MIAMI -- The worst-kept secret among NBA award recipients will be formally revealed Sunday when Miami Heat star LeBron James is named Most Valuable Player for the fourth time, league sources confirmed Friday.
James has been voted MVP for the second straight season and for the fourth time in the past five years. He'll join Michael Jordan, Bill Russell, Kareem Abdul-Jabbar and Wilt Chamberlain with at least four MVP awards.
The only suspense remaining is in the final tally and how far James distanced himself in the voting from the other candidates this season, who include Oklahoma City's Kevin Durant and Chris Paul of the Los Angeles Clippers.
The Heat are scheduling an awards presentation Sunday, and James also will be presented the MVP trophy by NBA commissioner David Stern at AmericanAirlines Arena at the start of their second-round series next week in Miami.
The Heat, who have been idle for a week, swept their first-round playoff series against Milwaukee and will face either Chicago or Brooklyn in the conference semifinals, starting Monday. The Bulls and Nets play Game 7 of their first-round series Saturday in Brooklyn.
James has said for weeks that he would be honored to be mentioned alongside Jordan, Chamberlain, Abdul-Jabbar and Russell in MVP recognition. But James said Friday that he's more focused on the playoffs and helping the Heat defend their title.
"He's earned it," Heat coach Erik Spoelstra said after Friday's practice. "He's having an even more historic season than he's had the last two years. Most people probably didn't think he could go to a higher level after last season, yet he reinvented himself to show that he could. Our pinch-ourselves moment was when we signed him. But since we've had him, we don't take him for granted."
James averaged 26.8 points, 8.0 rebounds, 7.3 assists, 1.7 steals and one block in 76 games in his 10th season in the league. He shot career-best percentages from the field (.565) and 3-point range (.406) and ranked in the top 10 in scoring, assists, steals and field-goal percentage among those who played in at least 70 games this season.
Last week, James finished second in Defensive Player of the Year voting for the second time since 2009. He led the Heat to a franchise-best 66-16 finish, which included the best home record in team history and a 27-game winning streak that was the second-longest in NBA history, behind the 33-game streak set by the 1971-72 Los Angeles Lakers.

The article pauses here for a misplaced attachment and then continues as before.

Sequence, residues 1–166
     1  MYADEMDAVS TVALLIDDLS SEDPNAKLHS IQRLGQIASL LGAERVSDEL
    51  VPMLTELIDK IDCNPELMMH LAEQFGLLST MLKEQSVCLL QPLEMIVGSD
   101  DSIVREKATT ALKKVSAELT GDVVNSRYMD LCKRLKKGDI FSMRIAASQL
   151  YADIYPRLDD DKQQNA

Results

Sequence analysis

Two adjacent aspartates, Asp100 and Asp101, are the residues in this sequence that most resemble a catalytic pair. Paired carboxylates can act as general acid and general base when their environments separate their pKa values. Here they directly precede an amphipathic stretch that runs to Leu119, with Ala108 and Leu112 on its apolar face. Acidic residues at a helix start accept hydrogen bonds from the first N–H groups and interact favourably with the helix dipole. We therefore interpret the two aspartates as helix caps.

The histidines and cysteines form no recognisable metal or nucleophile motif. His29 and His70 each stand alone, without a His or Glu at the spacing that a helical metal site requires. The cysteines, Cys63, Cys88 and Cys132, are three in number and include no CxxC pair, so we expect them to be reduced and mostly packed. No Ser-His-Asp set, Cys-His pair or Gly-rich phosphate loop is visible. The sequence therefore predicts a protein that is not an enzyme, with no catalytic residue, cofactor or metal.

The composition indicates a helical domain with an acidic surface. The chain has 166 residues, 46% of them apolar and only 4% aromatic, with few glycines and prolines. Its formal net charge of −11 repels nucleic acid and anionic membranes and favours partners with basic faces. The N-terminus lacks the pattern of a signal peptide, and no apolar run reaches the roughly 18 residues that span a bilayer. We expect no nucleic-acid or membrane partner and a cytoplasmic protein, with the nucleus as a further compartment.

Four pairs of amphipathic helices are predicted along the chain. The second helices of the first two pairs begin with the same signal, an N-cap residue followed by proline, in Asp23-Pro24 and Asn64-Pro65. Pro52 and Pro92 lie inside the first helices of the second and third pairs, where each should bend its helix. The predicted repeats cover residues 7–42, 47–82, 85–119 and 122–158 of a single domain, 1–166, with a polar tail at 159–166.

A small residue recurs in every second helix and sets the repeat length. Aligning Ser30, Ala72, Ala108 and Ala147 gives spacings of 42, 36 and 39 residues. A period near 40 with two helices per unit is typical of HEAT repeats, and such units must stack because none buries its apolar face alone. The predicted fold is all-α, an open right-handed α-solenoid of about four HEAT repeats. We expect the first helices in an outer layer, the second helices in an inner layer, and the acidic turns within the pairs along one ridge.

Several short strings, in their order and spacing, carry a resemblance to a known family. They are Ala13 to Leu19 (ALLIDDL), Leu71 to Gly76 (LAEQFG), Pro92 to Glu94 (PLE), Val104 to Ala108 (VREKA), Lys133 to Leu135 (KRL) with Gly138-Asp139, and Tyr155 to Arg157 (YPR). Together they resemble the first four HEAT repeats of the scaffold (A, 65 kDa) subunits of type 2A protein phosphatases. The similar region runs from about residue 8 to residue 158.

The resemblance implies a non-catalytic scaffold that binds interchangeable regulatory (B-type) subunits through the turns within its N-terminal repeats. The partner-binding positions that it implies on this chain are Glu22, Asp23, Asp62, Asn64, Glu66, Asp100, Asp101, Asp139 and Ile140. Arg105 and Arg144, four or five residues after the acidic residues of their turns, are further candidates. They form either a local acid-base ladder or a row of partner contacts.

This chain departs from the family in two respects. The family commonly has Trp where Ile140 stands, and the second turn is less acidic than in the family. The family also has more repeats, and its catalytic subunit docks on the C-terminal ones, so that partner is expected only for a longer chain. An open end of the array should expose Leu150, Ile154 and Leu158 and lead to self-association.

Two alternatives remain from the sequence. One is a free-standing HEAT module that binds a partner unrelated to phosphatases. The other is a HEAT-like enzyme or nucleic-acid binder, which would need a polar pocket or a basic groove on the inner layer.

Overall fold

Heat center Chris Bosh said that after the season James has had, he can't imagine his teammate being anything other than a unanimous selection on the 120 first-place ballots submitted by media members and NBA broadcast analysts.
"I don't know who else you'd vote for -- no offense to nobody else, with all due respect," Bosh said in support of James. "But that's just how good he's played this year."
Abdul-Jabbar leads all players as a six-time MVP, and Russell is the only other to win the award four times in five years.
James, 28, will be the youngest in NBA history to hoist his fourth trophy, although Abdul-Jabbar won five by the age of 30.
"Anytime I'm mentioned with the greatest players to play the game, it's a wow factor," James said. "I grew up and studied those guys, watched those guys. A few of them were my inspiration."
In a span of 12 months, James has won the 2011-12 season MVP, was named Finals MVP after leading the Heat past the Thunder, and now another season MVP.
After improving his low-post game last season and become a far more efficient shooter this season, James is already committed to working on the next phase of his game.
"My free throw shooting," James said Friday, referring to his 75.3 percent success rate. "I want to -- I need to shoot in the 80s. That's my next goal. And then, just continue to do what I've been doing the last couple of years. But my free throw shooting is what I really want to zone in on."